The organs of Paris
ORGANS OF PARIS 2.0 © 2021 Vincent Hildebrandt HOME ALL ORGANS

Saint Pierre

de Montrouge

82, avenue du Général Leclerc, 75014 Paris Orgue de tribune

1868 - Barker

1892 - Merklin

1918/24/35 - Gutschenritter

1951 - Beuchet-Debierre

1961 - Picaud

1978 - Sebire

2015 - Alain Léon

III/43 - electrical traction - stoplist

Orgue de choeur

1868 - Stoltz

1900 - Mutin

1826 - Gutschenritter

1956 - Beuchet-Debierre

II/13 - electrical traction - stoplist

Photo orgue de choeur: Pierre Marteau
This Church was built in a Romano- byzanton style between 1863 and 1872, as part of the Haussmannian works, at the crossroads called the Quatre- Chemins, formed by the meeting of the avenues of Maine, Châtillon, Montrouge and the rue d’Orléans, by Joseph Auguste Émile Vaudremer, the architect in charge of the 14th arrondissement. It now occupies a triangular plot framed by avenue du Maine and avenue du Général- Leclerc, and its bell tower overlooks the central crossroads of the district, place Victor-et-Hélène-Basch. It is the noisiest church in Paris!
This organ was built by Charels Spackman Barker in 1868, just after the organ of Saint Augustin, and it was the second organ in Paris with electrical traction. It was severly damaged during the Commune and reconstructed in 1891/1892 by Merklin (1892), who replaced the electrical system with his own Schmoele-Mol electro- pneumaticalsystem. Gutschenritter worked on the organ in 1917, 1918 and 1924 (three stops added). In 1935, Gutschenritter added four more stops and revised the mechanics and wind supply of the organ. In 1950-1951, Beuchet-debierre renovated the organ in a more neo- baroque direction and installed an electrical traction again. During the decennia which followed, several modifications were carried out, including a reharmonisation and addition of three stops by Jacques Picaud. The latest maintenance was carried out by Alain Léon. The choir organ, located on either side of the entrance to the choir, was built by the Stoltz brothers in 1868. In 1900, it was transformed and enlarged by the Maison Cavaillé-Coll, which brought the instrument to 12 stops. Overhauled in 1917 by Gutschenritter who added a Nazard to the Swell, it was electrified by Beuchet-Debierre in 1961. The latter also put up a new console.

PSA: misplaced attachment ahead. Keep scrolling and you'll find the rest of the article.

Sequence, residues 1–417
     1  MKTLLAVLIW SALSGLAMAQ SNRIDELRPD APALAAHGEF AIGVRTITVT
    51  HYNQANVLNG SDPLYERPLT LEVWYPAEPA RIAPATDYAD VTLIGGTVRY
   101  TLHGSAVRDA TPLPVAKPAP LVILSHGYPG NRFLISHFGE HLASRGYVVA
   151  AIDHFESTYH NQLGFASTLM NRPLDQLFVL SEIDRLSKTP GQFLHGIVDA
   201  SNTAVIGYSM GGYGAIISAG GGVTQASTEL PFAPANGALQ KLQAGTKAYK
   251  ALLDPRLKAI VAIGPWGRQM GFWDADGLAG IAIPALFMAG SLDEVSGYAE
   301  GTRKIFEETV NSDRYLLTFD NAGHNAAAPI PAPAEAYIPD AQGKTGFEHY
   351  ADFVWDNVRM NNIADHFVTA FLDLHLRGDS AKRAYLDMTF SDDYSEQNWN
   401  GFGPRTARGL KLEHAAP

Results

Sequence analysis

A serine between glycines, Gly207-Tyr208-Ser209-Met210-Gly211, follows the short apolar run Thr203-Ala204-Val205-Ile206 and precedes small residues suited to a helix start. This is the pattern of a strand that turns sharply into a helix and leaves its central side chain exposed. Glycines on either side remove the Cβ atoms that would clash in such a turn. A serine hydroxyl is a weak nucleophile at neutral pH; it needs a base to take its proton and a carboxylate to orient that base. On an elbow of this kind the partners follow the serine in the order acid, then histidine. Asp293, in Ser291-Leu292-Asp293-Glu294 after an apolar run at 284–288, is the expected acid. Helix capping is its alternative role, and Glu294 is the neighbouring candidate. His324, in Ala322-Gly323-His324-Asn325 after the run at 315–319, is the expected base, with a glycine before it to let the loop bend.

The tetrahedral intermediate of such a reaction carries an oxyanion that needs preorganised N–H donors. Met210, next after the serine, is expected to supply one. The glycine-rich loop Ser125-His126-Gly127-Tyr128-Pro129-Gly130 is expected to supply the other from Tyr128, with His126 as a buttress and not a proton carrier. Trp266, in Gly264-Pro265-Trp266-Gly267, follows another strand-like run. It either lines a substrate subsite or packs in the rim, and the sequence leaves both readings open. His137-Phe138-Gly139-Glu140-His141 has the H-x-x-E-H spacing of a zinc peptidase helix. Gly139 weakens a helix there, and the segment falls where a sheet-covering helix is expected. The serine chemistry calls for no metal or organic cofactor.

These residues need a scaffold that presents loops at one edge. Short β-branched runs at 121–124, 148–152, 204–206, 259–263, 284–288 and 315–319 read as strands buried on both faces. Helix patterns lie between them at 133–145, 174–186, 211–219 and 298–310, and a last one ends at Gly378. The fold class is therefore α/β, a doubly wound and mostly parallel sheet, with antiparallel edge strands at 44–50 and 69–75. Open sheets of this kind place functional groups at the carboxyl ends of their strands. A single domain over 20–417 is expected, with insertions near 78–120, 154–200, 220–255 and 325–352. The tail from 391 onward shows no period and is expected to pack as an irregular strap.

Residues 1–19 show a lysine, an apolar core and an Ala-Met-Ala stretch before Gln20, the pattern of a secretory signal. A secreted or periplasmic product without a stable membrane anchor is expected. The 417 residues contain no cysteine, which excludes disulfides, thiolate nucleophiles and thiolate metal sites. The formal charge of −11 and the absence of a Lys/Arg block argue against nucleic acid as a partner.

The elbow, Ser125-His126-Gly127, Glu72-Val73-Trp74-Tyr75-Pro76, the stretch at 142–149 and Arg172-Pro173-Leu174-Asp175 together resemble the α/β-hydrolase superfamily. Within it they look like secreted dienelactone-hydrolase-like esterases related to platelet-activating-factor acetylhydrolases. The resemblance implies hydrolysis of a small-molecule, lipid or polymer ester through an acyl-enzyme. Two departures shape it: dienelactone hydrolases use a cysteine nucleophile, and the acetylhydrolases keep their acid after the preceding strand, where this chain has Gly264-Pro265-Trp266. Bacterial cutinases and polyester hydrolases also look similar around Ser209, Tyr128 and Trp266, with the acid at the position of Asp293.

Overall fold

Organiste titulaire

Pierre Bragieu Famous organists in the past: Henri Mulet, Jean Langlais, Jean-Jacques Grunenwald

Concerts

Never

Masses with organ

Saturday 6h30p.m., Sunday 11ha.m. Videos Jacques Person (former titulaire)
The organs of Paris

Saint Pierre

de Montrouge

82, avenue du Général Leclerc, 75014 Paris Orgue de tribune

1868 - Barker

1892 - Merklin

1918/24/35 - Gutschenritter

1951 - Beuchet-Debierre

1961 - Picaud

1978 - Sebire

2015 - Alain Léon

III/43 - electrical traction - stoplist

Orgue de choeur

1868 - Stoltz

1900 - Mutin

1826 - Gutschenritter

1956 - Beuchet-Debierre

II/13 - electrical traction - stoplist

Photo orgue de choeur: Pierre Marteau
ORGANS OF PARIS 2.0 © Vincent Hildebrandt ALL ORGANS

Organiste titulaire

Pierre Bragieu Famous organists in the past: Henri Mulet, Jean Langlais, Jean-Jacques Grunenwald

Concerts

Never

Masses with organ

Saturday 6h30p.m., Sunday 11ha.m. Videos Jacques Person (former titulaire)
This organ was built by Charels Spackman Barker in 1868, just after the organ of Saint Augustin, and it was the second organ in Paris with electrical traction. It was severly damaged during the Commune and reconstructed in 1891/1892 by Merklin (1892), who replaced the electrical system with his own Schmoele-Mol electro- pneumaticalsystem. Gutschenritter worked on the organ in 1917, 1918 and 1924 (three stops added). In 1935, Gutschenritter added four more stops and revised the mechanics and wind supply of the organ. In 1950-1951, Beuchet-debierre renovated the organ in a more neo- baroque direction and installed an electrical traction again. During the decennia which followed, several modifications were carried out, including a reharmonisation and addition of three stops by Jacques Picaud. The latest maintenance was carried out by Alain Léon. The choir organ, located on either side of the entrance to the choir, was built by the Stoltz brothers in 1868. In 1900, it was transformed and enlarged by the Maison Cavaillé-Coll, which brought the instrument to 12 stops. Overhauled in 1917 by Gutschenritter who added a Nazard to the Swell, it was electrified by Beuchet-Debierre in 1961. The latter also put up a new console.